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The media hype surrounding the drug (which included the now-infamous propaganda film, Reefer Madness) was hugely successful, and the passage of the Marihuana Tax Act of 1937 effectively made weed illegal for most people.

A New Era

In the years that followed, marijuana remained illegal and penalties for possession and use got steadily worse. Then, in the 1960s, things started to change.

As more and more college students (specifically, well-to-do white college students) started to experiment with it, the American public realized it wasn’t exactly interested in locking up their best and brightest.

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When anti-marijuana laws were primarily aimed at locking up Juan the gardener, it was ok – but throwing the book at John, your white neighbor’s son who’s majoring in engineering? Suddenly, it was a whole other matter.

The realization that so many promising young people were experimenting with pot led to a period that saw a significant softening of marijuana laws around the country, and President Jimmy Carter even toyed with the idea of decriminalization for a while.

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After decades of slander and misinformation, it looked like cannabis might finally be vindicated. That is, until Richard Nixon stepped onto the scene.

“The Man” Pushes Back

Nixon was elected as the “law and order” president during a time when America was undergoing a significant cultural upheaval. The African-American civil rights movement was still relatively recent, and the worsening Vietnam War gave rise to a massive anti-war sentiment that was fueled by the first-ever televised images from a theater of war.

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In the early part of the 1970s, Nixon tasked the Shafer Commission (formerly the National Commission on Marihuana and Drug Abuse) with finding out where marijuana should fall in the drug schedules created by the newly-passed Controlled Substances Act. Marijuana was temporarily placed in Schedule 1 – the most restrictive schedule – until the Commission released its report.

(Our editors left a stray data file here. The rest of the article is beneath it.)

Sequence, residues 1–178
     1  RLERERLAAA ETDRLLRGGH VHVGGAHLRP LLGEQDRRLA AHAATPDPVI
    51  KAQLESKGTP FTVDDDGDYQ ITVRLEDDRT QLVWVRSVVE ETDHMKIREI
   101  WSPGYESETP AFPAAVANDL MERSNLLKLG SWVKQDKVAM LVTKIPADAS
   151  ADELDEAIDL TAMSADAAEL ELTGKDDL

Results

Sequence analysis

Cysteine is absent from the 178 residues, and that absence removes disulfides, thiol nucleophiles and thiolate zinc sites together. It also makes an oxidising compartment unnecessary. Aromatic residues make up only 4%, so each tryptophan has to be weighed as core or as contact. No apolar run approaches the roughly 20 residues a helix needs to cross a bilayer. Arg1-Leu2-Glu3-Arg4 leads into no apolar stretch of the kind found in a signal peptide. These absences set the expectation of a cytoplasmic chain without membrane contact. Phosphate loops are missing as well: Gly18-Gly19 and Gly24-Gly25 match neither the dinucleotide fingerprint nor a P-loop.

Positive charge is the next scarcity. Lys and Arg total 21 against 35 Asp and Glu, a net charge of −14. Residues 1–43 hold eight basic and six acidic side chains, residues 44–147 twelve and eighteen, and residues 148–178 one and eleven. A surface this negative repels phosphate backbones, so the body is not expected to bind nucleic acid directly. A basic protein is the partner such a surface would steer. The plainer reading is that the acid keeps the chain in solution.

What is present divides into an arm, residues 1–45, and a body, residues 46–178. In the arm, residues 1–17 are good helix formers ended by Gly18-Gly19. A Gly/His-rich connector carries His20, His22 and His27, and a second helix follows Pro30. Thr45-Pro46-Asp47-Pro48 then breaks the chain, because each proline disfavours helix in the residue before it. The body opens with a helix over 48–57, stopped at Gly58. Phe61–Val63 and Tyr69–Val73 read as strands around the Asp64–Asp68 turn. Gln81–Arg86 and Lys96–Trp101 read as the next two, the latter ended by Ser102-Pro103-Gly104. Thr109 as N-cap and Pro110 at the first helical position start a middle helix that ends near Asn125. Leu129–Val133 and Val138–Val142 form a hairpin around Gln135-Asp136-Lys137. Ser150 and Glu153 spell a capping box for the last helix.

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The Shafer Commission officially released its findings in 1972, recommending the decriminalization of marijuana. It found that cannabis poses very little actual danger to anyone. Nixon, however, completely ignored these findings and left marijuana to languish in its Schedule 1 status. “Why?” you might ask.

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For that, let’s go to Nixon’s domestic policy chief at the time, John Ehrlichman. In an interview with Harper’s Magazine during the 1990s, Ehrlichman recalls:

The Nixon campaign in 1968, and the Nixon White House after that, had two enemies: the antiwar left and black people.

You understand what I’m saying? We knew we couldn’t make it illegal to be either against the war or black, but by getting the public to associate the hippies with marijuana and blacks with heroin, and then criminalizing both heavily, we could disrupt those communities […] We could arrest their leaders, raid their homes, break up their meetings, and vilify them night after night on the evening news. Did we know we were lying about the drugs? Of course we did.

Yep, once again, the reason behind the criminalization of marijuana had little-to-nothing to do with actual science and public safety, and everything to do with the oppressive regulation targeted at minorities and Nixon’s political opponents.